Direct blow-by is also a cause of acidic contaminants in the oil. The amount of blow-by in a particular engine is dependent on many factors, with the primary one being the effectiveness of the seal between the piston rings to the cylinder. The acids formed as a result of this will corrode internal parts such as bearings, pistons/cylinders/rings, rockers, camshafts, valves, timing gear teeth and other ferrous and non-ferrous components within the engine.

There are two primary types of corrosion inhibitor chemicals and functions: one is for the additive in the oil to chemically bond to the internal parts and provide a sacrificial barrier and the other is to actually neutralize the acids so that the corrosive potency is reduced to a level where it cannot do any internal damage. This additive depletes with time in service.

Common additives for these purposes include Zinc, Phosphorus and Zinc Diethyl Dithiophosphate (ZDDP), Calcium and Barium. Barium Sulfonates and Calcium Phenates are common chemicals that are engineered with a high amount of the alkali metals Barium and Calcium in order to provide adequate neutralization capability specifically due to the alkalinity of these metals. Sulfur content in both gasoline and especially diesel fuel are one of the primary causes of acids in motor oil.

Oxidation Inhibitors
Oxidation is the result of oxygen mixing with oil at engine operating temperatures. It is not so much the amount of oxygen absorbed by the oil that is important, but the amount of oxidation products formed. Oxidation causes an increase in oil viscosity, as well as the formation of acids, resins, lacquers and varnish on internal parts, and, especially, on pistons and piston rings. More severe oxidation occurs as engine operating temperatures increase.

The effect of varnish, resins and lacquers on pistons and piston rings can cause a decrease in the amount of heat transfer between the piston and cylinder, as well as stuck piston rings, leading to severe engine damage over a period of time. If the temperatures continue to increase to extremes, then these deposits will continue to oxidize into very hard carbon type materials. When this hard carbon material meets with combustion residues and water, sludge is formed. Sludge can do further damage, such as plug and block critical oil passageways and oil pump pick-up screens.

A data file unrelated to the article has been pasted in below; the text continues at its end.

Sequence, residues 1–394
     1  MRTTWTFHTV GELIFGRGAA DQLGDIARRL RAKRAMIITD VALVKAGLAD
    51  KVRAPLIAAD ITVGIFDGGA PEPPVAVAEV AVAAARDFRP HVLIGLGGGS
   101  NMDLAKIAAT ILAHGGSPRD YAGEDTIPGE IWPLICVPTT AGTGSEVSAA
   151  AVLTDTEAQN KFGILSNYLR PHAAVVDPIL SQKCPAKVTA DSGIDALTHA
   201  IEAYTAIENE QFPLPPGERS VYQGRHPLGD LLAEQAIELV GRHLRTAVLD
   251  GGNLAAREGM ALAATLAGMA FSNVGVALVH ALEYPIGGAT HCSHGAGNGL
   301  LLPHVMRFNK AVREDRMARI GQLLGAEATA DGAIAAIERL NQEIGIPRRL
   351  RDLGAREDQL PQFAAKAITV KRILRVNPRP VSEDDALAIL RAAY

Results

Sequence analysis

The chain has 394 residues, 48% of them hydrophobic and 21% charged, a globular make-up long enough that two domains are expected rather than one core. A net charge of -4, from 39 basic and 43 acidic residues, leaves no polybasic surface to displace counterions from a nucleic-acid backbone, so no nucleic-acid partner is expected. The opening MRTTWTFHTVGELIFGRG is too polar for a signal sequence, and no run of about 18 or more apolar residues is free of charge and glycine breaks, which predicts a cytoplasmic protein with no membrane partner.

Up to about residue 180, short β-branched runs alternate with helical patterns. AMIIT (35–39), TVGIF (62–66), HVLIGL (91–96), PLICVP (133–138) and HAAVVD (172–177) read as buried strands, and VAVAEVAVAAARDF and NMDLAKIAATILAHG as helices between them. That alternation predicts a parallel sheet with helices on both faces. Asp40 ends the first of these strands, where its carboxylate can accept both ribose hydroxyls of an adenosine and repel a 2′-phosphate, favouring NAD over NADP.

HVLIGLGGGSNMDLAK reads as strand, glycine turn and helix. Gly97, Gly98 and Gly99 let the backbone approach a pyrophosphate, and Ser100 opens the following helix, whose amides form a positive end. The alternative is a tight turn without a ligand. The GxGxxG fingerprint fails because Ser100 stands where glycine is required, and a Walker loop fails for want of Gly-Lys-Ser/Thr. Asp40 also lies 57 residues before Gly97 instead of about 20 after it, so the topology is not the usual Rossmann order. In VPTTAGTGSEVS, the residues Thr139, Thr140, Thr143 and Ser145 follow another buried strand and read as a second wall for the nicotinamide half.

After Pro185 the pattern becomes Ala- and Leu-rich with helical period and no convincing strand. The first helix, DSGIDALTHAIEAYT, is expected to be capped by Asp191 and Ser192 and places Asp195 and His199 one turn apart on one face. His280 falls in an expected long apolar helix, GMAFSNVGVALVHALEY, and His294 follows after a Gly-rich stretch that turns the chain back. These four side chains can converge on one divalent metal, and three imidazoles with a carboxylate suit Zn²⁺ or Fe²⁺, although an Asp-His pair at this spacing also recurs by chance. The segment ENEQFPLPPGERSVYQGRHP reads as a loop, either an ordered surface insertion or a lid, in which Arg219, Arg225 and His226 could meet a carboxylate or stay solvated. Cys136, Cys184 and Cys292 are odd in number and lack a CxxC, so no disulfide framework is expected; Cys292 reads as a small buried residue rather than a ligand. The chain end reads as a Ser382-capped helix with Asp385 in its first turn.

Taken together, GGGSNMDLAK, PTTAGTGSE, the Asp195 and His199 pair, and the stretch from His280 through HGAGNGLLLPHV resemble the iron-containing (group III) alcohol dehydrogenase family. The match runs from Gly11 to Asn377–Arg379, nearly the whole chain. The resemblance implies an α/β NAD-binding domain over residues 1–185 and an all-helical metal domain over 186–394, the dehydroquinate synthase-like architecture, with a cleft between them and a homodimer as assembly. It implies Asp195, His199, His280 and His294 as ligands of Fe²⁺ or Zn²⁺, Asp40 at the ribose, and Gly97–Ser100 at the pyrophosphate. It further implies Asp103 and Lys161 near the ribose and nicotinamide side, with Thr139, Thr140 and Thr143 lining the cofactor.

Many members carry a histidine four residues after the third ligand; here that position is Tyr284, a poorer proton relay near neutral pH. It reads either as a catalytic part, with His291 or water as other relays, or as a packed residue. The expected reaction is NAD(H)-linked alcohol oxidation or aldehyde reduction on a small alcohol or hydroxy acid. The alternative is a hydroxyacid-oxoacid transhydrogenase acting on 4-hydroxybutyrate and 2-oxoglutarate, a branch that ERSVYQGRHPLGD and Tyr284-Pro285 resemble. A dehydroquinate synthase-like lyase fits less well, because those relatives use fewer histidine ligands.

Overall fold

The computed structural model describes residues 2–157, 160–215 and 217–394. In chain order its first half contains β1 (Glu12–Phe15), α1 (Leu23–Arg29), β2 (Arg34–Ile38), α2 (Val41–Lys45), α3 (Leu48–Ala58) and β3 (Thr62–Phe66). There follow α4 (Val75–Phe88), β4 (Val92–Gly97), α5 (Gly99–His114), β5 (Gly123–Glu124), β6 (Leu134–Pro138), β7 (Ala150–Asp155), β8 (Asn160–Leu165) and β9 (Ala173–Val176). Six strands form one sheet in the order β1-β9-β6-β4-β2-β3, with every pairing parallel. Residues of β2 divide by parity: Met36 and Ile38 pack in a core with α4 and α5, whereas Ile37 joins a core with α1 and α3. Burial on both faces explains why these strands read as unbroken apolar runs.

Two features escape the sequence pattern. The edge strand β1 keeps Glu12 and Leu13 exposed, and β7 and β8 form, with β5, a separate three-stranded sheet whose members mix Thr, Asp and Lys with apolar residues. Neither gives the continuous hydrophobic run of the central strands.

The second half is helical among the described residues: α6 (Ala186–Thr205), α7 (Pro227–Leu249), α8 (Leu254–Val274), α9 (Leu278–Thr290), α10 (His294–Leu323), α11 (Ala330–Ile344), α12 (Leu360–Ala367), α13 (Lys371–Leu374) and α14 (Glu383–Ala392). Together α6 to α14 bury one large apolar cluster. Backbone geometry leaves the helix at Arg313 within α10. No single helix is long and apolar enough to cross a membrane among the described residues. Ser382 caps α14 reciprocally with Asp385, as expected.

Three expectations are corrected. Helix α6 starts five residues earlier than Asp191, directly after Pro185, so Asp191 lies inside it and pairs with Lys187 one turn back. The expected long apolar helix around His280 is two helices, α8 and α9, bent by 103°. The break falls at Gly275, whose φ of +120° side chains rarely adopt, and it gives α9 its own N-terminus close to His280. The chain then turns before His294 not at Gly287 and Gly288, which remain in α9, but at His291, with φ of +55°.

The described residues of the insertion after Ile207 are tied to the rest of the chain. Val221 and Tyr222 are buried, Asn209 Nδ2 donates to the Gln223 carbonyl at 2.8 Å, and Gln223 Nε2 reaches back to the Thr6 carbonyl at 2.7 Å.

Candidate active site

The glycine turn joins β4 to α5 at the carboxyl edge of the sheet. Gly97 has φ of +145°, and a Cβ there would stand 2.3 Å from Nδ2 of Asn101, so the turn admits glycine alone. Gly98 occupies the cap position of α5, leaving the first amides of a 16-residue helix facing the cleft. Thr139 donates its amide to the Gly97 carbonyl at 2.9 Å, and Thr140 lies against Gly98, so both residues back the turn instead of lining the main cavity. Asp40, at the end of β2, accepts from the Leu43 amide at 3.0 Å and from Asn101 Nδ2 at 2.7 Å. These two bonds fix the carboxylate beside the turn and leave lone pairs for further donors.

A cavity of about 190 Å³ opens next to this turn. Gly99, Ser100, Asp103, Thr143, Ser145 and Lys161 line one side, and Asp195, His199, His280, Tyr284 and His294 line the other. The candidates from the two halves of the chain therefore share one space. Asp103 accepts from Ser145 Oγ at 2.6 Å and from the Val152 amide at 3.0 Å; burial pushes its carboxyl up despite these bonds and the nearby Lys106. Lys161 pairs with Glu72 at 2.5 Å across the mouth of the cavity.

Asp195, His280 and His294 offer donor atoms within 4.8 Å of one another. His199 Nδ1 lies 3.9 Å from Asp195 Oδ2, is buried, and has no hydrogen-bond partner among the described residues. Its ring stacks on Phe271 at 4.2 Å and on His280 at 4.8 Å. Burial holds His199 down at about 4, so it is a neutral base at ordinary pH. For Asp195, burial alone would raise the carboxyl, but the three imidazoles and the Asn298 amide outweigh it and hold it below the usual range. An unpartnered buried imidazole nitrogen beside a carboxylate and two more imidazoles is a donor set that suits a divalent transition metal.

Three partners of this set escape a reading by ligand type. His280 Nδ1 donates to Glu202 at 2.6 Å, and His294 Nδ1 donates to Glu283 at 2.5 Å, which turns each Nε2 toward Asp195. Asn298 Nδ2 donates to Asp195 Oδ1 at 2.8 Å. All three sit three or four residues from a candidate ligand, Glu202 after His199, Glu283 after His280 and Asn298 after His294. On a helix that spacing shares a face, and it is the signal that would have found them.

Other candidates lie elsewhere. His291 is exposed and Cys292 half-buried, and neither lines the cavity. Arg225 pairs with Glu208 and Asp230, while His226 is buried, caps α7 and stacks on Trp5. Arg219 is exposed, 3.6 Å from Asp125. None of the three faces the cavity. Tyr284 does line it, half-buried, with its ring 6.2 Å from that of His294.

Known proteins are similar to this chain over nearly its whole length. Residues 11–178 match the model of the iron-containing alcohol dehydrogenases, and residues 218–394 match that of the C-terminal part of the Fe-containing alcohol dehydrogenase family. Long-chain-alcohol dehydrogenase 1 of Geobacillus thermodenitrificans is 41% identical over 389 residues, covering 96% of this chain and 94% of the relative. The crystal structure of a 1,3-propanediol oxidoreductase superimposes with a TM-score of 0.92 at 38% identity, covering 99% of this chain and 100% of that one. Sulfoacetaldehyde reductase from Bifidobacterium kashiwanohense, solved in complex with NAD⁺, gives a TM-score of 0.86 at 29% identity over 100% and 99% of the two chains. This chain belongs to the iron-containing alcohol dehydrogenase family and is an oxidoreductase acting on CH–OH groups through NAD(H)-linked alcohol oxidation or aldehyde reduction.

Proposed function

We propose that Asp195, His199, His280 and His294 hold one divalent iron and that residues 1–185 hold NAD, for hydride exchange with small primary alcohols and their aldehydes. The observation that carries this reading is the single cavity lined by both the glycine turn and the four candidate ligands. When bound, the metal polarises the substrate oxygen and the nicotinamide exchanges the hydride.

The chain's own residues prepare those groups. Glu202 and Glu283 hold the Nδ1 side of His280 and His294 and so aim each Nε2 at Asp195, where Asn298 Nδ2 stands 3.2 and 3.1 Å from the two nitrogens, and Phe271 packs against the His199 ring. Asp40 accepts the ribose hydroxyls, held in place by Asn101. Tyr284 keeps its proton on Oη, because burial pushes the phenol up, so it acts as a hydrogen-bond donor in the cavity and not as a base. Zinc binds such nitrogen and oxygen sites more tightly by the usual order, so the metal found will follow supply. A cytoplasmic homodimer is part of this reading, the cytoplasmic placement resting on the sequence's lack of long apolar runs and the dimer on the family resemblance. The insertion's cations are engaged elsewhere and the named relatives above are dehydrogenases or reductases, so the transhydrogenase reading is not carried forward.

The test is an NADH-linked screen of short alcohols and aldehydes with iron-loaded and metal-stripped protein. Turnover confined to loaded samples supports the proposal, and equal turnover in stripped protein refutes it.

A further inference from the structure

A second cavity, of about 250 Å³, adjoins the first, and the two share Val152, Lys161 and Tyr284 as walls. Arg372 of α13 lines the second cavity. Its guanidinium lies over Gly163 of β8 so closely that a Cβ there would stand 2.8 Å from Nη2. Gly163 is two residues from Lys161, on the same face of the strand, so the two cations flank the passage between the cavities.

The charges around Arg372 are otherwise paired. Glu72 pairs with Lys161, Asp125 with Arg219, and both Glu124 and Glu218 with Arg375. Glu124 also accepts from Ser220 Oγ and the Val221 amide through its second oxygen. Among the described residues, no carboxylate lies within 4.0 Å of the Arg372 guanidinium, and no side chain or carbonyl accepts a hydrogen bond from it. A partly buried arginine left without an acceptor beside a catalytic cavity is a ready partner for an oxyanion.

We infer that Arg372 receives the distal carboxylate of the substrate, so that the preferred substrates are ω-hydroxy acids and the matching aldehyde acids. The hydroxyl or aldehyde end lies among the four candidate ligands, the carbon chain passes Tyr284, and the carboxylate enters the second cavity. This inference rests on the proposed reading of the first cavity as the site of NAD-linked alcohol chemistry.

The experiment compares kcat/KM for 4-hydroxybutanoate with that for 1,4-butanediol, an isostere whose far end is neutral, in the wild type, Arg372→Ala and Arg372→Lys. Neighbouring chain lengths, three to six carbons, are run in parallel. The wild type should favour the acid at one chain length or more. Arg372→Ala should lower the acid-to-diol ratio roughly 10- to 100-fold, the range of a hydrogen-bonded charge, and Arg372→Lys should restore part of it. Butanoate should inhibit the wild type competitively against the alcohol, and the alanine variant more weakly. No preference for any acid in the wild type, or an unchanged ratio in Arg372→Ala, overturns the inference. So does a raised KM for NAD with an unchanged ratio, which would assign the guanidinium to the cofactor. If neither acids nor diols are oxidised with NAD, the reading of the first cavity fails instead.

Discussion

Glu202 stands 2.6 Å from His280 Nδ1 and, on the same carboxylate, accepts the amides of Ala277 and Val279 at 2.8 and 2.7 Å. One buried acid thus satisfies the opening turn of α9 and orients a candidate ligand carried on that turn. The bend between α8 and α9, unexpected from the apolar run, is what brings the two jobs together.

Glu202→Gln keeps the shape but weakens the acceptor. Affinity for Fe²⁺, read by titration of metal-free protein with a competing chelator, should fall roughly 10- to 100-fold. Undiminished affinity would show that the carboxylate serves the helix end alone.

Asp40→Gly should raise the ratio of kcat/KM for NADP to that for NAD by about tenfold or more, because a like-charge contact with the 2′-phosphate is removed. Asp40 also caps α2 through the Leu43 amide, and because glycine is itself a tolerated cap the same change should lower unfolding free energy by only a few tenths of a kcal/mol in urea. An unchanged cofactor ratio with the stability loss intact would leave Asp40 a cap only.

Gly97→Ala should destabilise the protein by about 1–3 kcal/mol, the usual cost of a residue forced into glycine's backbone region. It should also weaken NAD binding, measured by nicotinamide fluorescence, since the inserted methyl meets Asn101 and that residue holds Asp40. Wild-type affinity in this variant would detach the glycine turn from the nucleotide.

In order to decrease the effects of oxidation, oxidation inhibitors are used, which disrupt the chemical reaction that is responsible for the formation of the oxidation, as well as chemicals that actually decompose the oxidation products already formed. The lacquers, resins and varnish are not only formed at high temperatures by the oil, but also a low to medium operating temperatures by the fuel combustion process. There are numerous, very complex chemicals that are used as oxidation inhibitors.

Anti-Wear Additives
Anti-wear oil additives are mainly used in order to reduce the effects of engine operating conditions when a full hydrodynamic oil film cannot be maintained, which are known as boundary lubrication conditions of slow speed and low load. These anti-wear oil additives primarily act as friction reducers that prevent metal-to-metal contact. Zinc and phosphorus are common anti-wear additives.

Under high engine speeds, high loads and operating temperatures, even though hydrodynamic lubrication is present, extreme pressure (EP) oil additives are sometimes used by certain oil manufacturers to reduce friction further and control wear. EP oil additives are also used extensively in gear lubes. The chemicals used as EP oil additives include either sulfur, phosphorus, chlorine, molybdenum disulphide or a blend of these additives depending on the specific application.

Not all motor oil manufacturers use EP oil additives as they can also have a detrimental effect on other engine operating parameters and can be highly corrosive to certain metallurgical bearing compositions and can also be incompatible with alkaline detergent oil additives.

As we can see from the article above, the better quality motor oils already have all the required oil additives to provide good service life.